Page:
RCPD Looking At Contract Service

The Riley County Police Department told the Law Board Monday that they were looking into contract service for food service, laundry and commissary.

Here is a memo given to the Board:

As you are aware, we have received several proposals to operate the food service, laundry, and commissary operations in the Riley County jail. This report will include my areas of concern as well as my recommendations.

Food Service:

Currently, the Jail Administrator supervises the food service operation. The department staffs two (2) full-time cooks and one (1) part-time cook, who works on an "as needed" basis. Inmate food and care items are a budgeted line item for the LEC and in the fiscal year 2001, $118,000.00 was budgeted. However, it should be noted that this amount does not cover the salaries for the kitchen staff positions.

The kitchen prepares approximately 4,000 meals per month at an estimated cost of $1.86 per meal. This cost includes the food items, cleaning supplies, and the salaries of the two (2) full-time kitchen staff positions. It should be noted that on occasion correction officers have had to work in the kitchen due to kitchen staff shortages. This not only costs the department to pay out a hire rate for meal preparation for the inmates but usually constitutes overtime pay as well, adequate staffing becomes an issue, and burnout among the correctional staff working the additional hours is also a problem.


The shift supervisor working 4:00 p.m. - midnight currently supervises the laundry facility. The laundry is operated by inmate workers and supervised by the correction officers. Currently, we are spending about $0.02 per pound to operate the facility laundry, which includes only costs for the chemicals used to wash the laundry.


The shift supervisor working 8:00 a.m. - 4:00 p.m. currently handles the day-to-day operations of the commissary. Of the three (3) areas the commissary is the most labor intensive. It takes approximately ten (10) hours per week for the correction staff to take inmate orders, verify that the inmates have the funds available in their accounts to pay for all the items ordered, place inmate orders, and delivered items ordered to the inmates. The amount of time required fluctuations by the number of inmates being housed. It is felt that at some point in the future it could conceivable become a full-time job.

Recap of Areas of Concern:

* Difficulties hiring and retaining qualified kitchen staff.

* Hire salaries paid when correction officers are performing kitchen-staff duties.

* Overtime rates being paid due to staffing shortages.

* Burnout within our correctional staff due to working overtime in the kitchen.

* Not properly using staff in areas of appropriate training.

* Probability that in the future that our inmate population will increase.


Research was previously done looking into the possibility of contracting with an outside company to takeover the kitchen, laundry, and commissary operations. In 2000, when this research was done a proposal was received from AraMark in which they would operate all three above-mentioned areas. AraMark proposed to operate the kitchen, laundry, and commissary on a sliding scale per inmate. Based on the sliding scale, of one hundred (100) inmates the cost would be approximately $145,000.00 annually.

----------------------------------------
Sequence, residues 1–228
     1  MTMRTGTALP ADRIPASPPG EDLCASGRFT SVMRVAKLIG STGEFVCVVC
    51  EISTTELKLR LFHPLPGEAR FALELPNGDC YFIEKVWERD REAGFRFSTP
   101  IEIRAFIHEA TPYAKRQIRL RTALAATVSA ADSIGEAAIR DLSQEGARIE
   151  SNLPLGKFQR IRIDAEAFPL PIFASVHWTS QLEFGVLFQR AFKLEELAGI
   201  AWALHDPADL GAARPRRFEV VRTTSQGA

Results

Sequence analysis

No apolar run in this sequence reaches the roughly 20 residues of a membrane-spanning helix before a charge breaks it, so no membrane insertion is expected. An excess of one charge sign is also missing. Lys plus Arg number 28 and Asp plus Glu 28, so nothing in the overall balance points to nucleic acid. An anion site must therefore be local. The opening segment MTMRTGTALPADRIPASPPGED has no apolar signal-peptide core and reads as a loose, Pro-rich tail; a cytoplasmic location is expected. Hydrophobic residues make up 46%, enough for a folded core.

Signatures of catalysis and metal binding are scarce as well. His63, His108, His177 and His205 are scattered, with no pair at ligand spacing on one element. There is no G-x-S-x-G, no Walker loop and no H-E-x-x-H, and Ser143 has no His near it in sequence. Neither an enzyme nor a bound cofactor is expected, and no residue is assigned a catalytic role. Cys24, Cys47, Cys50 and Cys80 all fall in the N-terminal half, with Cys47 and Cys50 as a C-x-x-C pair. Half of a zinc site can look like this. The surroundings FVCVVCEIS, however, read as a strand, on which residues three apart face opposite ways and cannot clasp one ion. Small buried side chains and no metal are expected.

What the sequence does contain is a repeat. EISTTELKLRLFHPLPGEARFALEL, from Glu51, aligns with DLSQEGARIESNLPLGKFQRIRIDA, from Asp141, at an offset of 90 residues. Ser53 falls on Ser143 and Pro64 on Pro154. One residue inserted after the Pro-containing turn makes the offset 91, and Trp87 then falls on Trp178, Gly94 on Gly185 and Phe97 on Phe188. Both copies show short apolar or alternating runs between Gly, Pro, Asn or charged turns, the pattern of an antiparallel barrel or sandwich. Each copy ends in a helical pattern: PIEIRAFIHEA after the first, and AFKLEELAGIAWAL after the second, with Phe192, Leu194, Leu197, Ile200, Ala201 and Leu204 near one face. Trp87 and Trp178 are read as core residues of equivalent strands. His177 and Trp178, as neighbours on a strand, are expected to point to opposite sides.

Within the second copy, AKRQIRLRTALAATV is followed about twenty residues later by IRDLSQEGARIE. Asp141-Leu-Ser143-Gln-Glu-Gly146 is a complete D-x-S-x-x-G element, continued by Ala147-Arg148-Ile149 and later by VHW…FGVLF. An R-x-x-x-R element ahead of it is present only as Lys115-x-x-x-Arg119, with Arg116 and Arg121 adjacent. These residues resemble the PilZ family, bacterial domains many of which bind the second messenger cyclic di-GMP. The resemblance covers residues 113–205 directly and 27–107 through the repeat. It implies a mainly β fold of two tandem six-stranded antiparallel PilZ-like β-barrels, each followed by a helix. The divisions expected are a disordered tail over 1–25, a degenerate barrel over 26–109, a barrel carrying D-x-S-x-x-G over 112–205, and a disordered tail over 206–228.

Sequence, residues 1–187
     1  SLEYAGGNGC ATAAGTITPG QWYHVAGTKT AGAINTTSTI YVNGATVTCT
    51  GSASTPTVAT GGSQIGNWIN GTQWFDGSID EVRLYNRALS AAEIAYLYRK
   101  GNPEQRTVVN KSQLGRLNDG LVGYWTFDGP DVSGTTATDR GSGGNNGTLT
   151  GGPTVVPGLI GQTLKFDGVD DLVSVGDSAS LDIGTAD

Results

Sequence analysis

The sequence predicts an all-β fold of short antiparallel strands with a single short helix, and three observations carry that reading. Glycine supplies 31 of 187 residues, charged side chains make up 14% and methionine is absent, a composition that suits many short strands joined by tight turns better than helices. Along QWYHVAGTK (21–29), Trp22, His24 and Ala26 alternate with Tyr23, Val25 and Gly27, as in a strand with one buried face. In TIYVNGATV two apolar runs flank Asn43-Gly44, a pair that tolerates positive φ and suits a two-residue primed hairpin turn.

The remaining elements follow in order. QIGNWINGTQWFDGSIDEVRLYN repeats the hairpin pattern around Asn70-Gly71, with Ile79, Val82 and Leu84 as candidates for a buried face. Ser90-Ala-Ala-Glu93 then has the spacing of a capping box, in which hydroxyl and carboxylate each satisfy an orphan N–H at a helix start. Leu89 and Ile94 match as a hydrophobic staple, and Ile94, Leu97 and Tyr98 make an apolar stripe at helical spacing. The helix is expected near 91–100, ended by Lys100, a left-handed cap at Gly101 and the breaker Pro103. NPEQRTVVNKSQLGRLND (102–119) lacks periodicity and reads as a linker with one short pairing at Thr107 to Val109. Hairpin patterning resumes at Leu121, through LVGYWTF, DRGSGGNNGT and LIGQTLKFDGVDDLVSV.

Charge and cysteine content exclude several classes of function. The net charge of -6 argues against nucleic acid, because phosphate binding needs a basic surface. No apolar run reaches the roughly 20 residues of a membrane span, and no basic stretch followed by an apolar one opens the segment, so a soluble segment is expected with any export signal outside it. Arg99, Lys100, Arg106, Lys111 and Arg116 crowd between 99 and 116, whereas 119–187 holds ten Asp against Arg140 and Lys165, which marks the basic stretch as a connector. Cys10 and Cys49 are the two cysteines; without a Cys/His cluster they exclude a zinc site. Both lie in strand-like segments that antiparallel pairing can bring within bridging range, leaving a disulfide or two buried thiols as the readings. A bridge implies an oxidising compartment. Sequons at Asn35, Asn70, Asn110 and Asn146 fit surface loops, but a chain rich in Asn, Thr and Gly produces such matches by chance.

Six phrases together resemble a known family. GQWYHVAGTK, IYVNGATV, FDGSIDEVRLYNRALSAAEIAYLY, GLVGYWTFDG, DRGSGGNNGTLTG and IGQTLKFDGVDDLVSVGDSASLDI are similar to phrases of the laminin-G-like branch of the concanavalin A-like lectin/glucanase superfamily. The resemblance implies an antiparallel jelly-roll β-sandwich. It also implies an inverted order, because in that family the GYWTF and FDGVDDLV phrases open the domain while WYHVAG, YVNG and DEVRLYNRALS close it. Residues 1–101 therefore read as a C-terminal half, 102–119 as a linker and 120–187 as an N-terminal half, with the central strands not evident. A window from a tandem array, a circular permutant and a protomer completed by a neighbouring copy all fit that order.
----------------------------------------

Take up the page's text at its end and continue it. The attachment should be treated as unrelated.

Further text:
In August of 2001 a second proposal was received from Consolidated Correctional Foodservice. They also submitted a proposal to operate the kitchen, laundry, and commissary. However, they did not address any areas except the kitchen in their proposal and their quoted price reflects only their cost for operating the kitchen. They too based their bid on one hundred (100) inmates at an annual cost of $213,000.00. The company was contacted and admitted that it was an oversight on their part and they would re-work their proposal and resubmit an updated bid. Their bid would certainly increase with the addition of the laundry and commissary operation. However, to-date no updated information has been received from Consolidated Correctional Foodservice company.

The third and final proposal was received from the Keefe Commissary Network in August 2001. Keefe’s proposal included taking over the commissary operation only and would take much of the work we do now in regards to the commissary off the hands of our correctional staff. There would be no cost billed to the LEC as Keefe makes their profit on the items sold. Additionally, we would receive 15% percent back from their net profit.

These proposals were not actively pursued previously as we were unsure what our operating costs would be in the LEC facility at the time they were received. Also with the addition of correctional staff hired to adequately staff the new LEC, we were also somewhat unsure what our needs would be in the aforementioned areas.


It would certainly be my recommendation that the kitchen, laundry, and commissary operations be turned over to an outside company. As inmate population increases it is hopeful that the meals might be provided at a more competitive rate. This also would allow correctional staff to focus on their jobs and work in areas for which they are appropriately trained. Money would be saved by the LEC in not having to pay correctional staff overtime while covering during the shortages of kitchen staff personnel.

Allan Collins


Jail Administrator